A few days back, Google released an update to its search quality rater guidelines regarding controversial content. While not new, this particular section is a bit troubling.
I think this can have potentially sinister implications. It instructs search raters to flag content that “may be unpleasant or uncomfortable”. With a special focus on users in that locale. Now we’re not sure what “flagging” implies here, but I think it’s safe to say that it’s not a good thing. No one’s site ever benefited from being flagged! It indicates that controversial content might have trouble ranking – particularly if those in your locale find it so.
How Search Rater Guidelines Work
A lot of people think that Google is just algorithms. And it mostly is. However, when it comes to search, Google cross-checks changes to its algorithm by hiring a large group of people to test websites according to certain guidelines. If we believe them, Google hired more than 10,000 people across the globe to do this work continually.
Google then uses the website ratings from these individuals to feed its AI, which then learns whether or not it did something good or bad. And so the cycle continues.
To rate these websites, Google provides a set of publicly available quality guidelines. It’s a massive 170-page document that covers a wide variety of website factors. You can find all the information regarding seemingly obscure terms like “EAT” here. These guidelines are constantly changing, and the SEO community likes to keep a tab on what’s happening so we can get some insights into how Google thinks. In general, the quality guidelines are a pretty useful tool to read up on.
Search Quality Ratings on “Upsetting Content”
With that background, we can see how Google’s instructions in the rating guidelines could be problematic. We all know that controversial content gets a lot of views. And we also know that people take to the Internet to both create and listen to controversial opinions. Controversial articles and discussions are frequently the most interesting!
The worrying part about this statement is the focus on the “typical user in your locale”. Consider certain areas which have different worldviews, or a divergent set of values from what most people in the west consider “normal”. Will people from such parts of the world find controversial content “upsetting” or offensive? I say yes! Many discussions on ethics, morals, religion, and politics could be considered offensive for people in different parts of the world. So would the raters in these places want to mark such content as offensive? What if a news article criticizes a country’s leader that has a cult-like status?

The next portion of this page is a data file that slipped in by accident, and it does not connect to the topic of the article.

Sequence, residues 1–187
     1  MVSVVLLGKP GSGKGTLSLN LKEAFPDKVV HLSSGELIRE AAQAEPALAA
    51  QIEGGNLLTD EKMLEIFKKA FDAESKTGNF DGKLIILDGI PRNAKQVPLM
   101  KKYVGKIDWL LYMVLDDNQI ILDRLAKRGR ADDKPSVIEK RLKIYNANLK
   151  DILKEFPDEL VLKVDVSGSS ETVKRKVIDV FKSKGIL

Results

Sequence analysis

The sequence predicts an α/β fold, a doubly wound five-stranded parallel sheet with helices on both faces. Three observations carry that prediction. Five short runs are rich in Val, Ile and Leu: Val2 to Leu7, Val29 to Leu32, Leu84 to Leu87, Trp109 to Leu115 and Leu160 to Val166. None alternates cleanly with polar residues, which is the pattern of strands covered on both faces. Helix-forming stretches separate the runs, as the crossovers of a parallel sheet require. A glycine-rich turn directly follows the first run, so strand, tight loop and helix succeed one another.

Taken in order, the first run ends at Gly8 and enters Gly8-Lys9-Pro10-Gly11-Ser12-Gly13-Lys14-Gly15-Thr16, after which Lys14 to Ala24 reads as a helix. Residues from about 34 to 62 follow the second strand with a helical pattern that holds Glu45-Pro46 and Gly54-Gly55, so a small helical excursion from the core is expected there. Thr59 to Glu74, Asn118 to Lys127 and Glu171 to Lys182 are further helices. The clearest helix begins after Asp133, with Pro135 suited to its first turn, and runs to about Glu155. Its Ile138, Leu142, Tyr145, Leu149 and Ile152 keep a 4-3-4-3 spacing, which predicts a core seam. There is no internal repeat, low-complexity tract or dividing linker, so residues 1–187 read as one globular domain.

Hypothetically, someone in Thailand could find an article on Thailand’s king as “blasphemy”. I don’t know if they have free access to the Internet in North Korea, or if Google has search quality raters there (unlikely), but I’m pretty certain most content about their dictator would be flagged as “upsetting”. And the same holds for any criticism of Xi – the Chinese dictator.
The main question is whether or not search engines should expose users to controversial or upsetting content whether they like it or not. At least Google modified the part of its search rater guidelines that instructed the raters to flag upsetting content “even if the result satisfies user intent”. This was a pretty huge leap, and I’m glad Google removed that part.
So Take Care with Controversial Stuff
I enjoy writing stuff that generates a lot of debate. I usually feel strongly about these things, and so it’s worth it. But if SERPs in certain locales are important to you, you might want to temper your language and the structure of your article to not trigger people who might find that content too upsetting.
I don’t agree with this, but that’s what the official Google guidelines are!
I’m a NameHero team member, and an expert on WordPress and web hosting. I’ve been in this industry since 2008. I’ve also developed apps on Android and have written extensive tutorials on managing Linux servers. You can contact me on my website WP-Tweaks.com!
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